Thursday, July 3, 2008

Mayor, Council Agree on $59 Billion City Budget


By Conor Greene

After taking office two weeks before budgetary decisions were finalized, Councilman Anthony Como has included money in the city’s $59 billion budget to support a number of district-based organizations.

Mayor Michael Bloomberg and the City Council agreed on the budget last Thursday, just in time for the 2009 fiscal year, which began on Tuesday. The spending plan maintains the seven percent property tax rate cut for the second year and continues the $400 property tax rebate program for homeowners for the fifth year.

For Como (R-Middle Village), the days after being sworn into office last month were hectic, given the timing in relation to the city budget. However, a number of local civic groups, senior centers and youth organizations have received funding they rely on to operate.

During the two-months of campaigning for the special election, in which he narrowly defeated Glendale Democrat Elizabeth Crowley, Como made funding senior centers and programs a top priority. Throughout the budget process, many residents and community leaders were worried that senior centers would bear the brunt of the reductions. The final budget features a 39 percent reduction in discretionary spending, from $352 million last year to $232 million this year, and the city’s Housing Authority, which helps fund senior centers, is receiving $18 million, much less than the $30 million it requested.

The budget includes the following amounts for local senior organizations: $8,750 for the Forest Park Senior Center; $36,000 for Glendridge Senior Citizen Center; $21,000 for the Middle Village Senior Citizens Center; $32,000 for the Peter Cardella Senior Citizen Center; $25,000 for the Ridgewood-Bushwick Senior Citizens Council; $14,000 for the Ridgewood Older Adult Center and $12,000 for Selfhelp Community Services.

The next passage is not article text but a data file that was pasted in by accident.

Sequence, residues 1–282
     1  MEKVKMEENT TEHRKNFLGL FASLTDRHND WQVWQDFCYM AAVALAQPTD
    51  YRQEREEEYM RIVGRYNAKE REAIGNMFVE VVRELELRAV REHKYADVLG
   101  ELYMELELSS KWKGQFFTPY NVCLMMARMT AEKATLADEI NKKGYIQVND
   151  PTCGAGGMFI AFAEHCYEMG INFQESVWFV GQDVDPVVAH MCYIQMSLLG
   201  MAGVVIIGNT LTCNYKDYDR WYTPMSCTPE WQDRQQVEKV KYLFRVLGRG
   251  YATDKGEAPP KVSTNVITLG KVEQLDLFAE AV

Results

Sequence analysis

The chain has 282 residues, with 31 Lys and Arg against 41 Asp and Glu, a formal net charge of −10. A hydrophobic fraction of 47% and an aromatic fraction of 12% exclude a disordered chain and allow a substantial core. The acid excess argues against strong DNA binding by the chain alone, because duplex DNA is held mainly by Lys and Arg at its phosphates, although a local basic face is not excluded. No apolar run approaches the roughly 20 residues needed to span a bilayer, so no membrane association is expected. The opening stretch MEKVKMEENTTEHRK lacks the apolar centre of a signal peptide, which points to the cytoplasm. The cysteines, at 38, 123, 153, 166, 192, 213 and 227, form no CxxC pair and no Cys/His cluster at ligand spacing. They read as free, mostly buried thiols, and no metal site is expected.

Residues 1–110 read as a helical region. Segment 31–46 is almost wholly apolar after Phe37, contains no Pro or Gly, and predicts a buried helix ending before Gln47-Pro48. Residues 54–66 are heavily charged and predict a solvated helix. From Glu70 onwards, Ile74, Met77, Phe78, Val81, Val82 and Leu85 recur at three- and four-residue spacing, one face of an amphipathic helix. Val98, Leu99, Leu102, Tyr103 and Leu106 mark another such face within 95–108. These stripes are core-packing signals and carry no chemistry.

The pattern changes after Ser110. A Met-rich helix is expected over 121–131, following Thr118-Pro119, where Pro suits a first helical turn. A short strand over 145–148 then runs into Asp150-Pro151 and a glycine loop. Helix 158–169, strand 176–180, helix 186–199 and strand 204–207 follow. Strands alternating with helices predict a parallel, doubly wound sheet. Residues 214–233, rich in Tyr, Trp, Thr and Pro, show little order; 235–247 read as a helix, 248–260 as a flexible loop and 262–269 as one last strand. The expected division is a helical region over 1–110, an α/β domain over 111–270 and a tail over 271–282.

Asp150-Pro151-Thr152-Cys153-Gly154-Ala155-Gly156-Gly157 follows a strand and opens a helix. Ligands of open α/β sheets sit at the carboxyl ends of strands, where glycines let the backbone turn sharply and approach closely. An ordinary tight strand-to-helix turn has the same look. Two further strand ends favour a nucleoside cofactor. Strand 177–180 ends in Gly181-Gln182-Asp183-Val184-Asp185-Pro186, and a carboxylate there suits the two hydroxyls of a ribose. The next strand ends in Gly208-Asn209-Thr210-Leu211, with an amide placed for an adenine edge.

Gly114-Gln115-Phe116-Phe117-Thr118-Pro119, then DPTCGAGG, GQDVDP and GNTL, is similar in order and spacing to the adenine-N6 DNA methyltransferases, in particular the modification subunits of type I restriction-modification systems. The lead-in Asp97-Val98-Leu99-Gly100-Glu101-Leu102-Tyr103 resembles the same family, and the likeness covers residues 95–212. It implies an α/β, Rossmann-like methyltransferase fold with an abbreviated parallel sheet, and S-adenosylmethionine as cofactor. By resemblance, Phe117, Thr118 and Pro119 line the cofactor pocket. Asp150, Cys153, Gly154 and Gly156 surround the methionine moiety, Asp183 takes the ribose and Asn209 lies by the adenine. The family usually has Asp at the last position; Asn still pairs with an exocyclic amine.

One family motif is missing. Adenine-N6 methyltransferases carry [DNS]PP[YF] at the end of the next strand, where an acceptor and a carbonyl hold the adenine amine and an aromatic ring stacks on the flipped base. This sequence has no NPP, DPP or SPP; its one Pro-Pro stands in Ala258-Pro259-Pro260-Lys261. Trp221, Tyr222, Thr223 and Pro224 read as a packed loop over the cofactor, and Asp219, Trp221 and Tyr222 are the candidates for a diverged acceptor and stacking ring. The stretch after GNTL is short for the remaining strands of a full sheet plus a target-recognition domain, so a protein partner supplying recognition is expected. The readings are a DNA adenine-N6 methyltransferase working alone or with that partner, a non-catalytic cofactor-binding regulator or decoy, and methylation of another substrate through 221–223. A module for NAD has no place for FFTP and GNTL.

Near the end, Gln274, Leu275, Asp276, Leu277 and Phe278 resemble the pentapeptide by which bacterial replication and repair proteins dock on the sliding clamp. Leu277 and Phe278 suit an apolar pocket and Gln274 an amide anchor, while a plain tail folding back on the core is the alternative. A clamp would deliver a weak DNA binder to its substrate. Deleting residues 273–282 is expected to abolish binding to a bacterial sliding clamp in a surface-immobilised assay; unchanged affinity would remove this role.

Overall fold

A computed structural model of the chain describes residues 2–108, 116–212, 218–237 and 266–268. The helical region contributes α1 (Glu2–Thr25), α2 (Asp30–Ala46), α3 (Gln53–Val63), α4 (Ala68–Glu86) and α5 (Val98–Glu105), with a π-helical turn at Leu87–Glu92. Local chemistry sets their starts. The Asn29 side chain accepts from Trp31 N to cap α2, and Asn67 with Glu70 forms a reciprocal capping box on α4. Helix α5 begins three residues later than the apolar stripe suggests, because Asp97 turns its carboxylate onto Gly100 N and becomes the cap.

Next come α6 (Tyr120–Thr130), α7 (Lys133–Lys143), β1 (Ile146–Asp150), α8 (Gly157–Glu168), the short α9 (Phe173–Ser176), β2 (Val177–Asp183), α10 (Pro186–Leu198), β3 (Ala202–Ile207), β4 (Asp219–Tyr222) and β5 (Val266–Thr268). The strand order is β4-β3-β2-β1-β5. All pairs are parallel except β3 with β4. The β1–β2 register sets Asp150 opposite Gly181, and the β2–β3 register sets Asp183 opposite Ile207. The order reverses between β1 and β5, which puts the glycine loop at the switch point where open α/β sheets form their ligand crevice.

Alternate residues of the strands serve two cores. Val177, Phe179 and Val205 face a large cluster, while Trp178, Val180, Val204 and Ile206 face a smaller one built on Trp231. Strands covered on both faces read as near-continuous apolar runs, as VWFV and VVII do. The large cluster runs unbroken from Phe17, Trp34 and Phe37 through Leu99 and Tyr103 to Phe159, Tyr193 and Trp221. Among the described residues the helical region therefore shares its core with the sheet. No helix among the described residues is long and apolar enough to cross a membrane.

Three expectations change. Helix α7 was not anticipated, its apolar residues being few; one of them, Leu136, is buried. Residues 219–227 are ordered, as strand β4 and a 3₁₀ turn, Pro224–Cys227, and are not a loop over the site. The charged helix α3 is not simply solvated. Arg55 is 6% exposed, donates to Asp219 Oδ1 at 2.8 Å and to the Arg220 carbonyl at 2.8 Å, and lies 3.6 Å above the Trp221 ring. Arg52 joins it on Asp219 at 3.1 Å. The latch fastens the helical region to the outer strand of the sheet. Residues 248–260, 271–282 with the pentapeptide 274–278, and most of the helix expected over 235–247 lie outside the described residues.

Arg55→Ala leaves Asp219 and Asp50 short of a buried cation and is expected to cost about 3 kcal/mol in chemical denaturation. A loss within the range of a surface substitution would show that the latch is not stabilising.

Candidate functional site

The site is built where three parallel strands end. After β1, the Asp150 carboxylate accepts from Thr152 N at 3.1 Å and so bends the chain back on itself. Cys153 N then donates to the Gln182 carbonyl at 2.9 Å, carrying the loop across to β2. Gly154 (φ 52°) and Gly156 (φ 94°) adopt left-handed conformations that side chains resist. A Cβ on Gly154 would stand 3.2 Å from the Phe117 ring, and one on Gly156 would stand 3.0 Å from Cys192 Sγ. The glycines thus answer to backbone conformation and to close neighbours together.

Among youth programs, Maspeth Town Hall will receive $28,705; the Federazione Italo-Americana di Brooklyn and Queens will get $20,500; the Greater Woodhaven Development Corp. will receive $16,500; the Greater Ridgewood Youth Council will get $26,500 and the Ridgewood/ Glendale/ Middle Village /Maspeth Little League will get $9,009.

Other general discretionary funding includes $2,500 for the Communities of Maspeth and Elmhurst Together, which will also received an additional $8,000 from other Council members. The Glendale Civic Association gets $3,000 from Como and $3,500 from the Queens Delegation, the Glendale Civilian Observation Patrol will receive $2,500, the Glendale Volunteer Ambulance Corps. gets $2,500 and the Middle Village Property Owners and Residents Association will receive $2,500.

Overall, the city’s spending remained virtually flat for 2009 compared with last year, with the budget’s spending increase of 1.6 percent remaining below the 2.7 percent annual rate of inflation. City schools will receive $129 million more than was proposed in last month’s Executive Budget presented by the mayor, which was a huge source of concern to many officials and residents.

“The news about the economy, and its effects on the city’s finances, continues to be very sobering, and this budget reflects the uncertain economic outlook we face,” said Mayor Bloomberg. “I want to thank Speaker [Christine] Quinn and the Council members for working with us to create a budget that is fiscally responsible and balanced. And in the weeks and months ahead, we will take whatever steps are necessary to keep our budget in balance and keep our city moving forward.”

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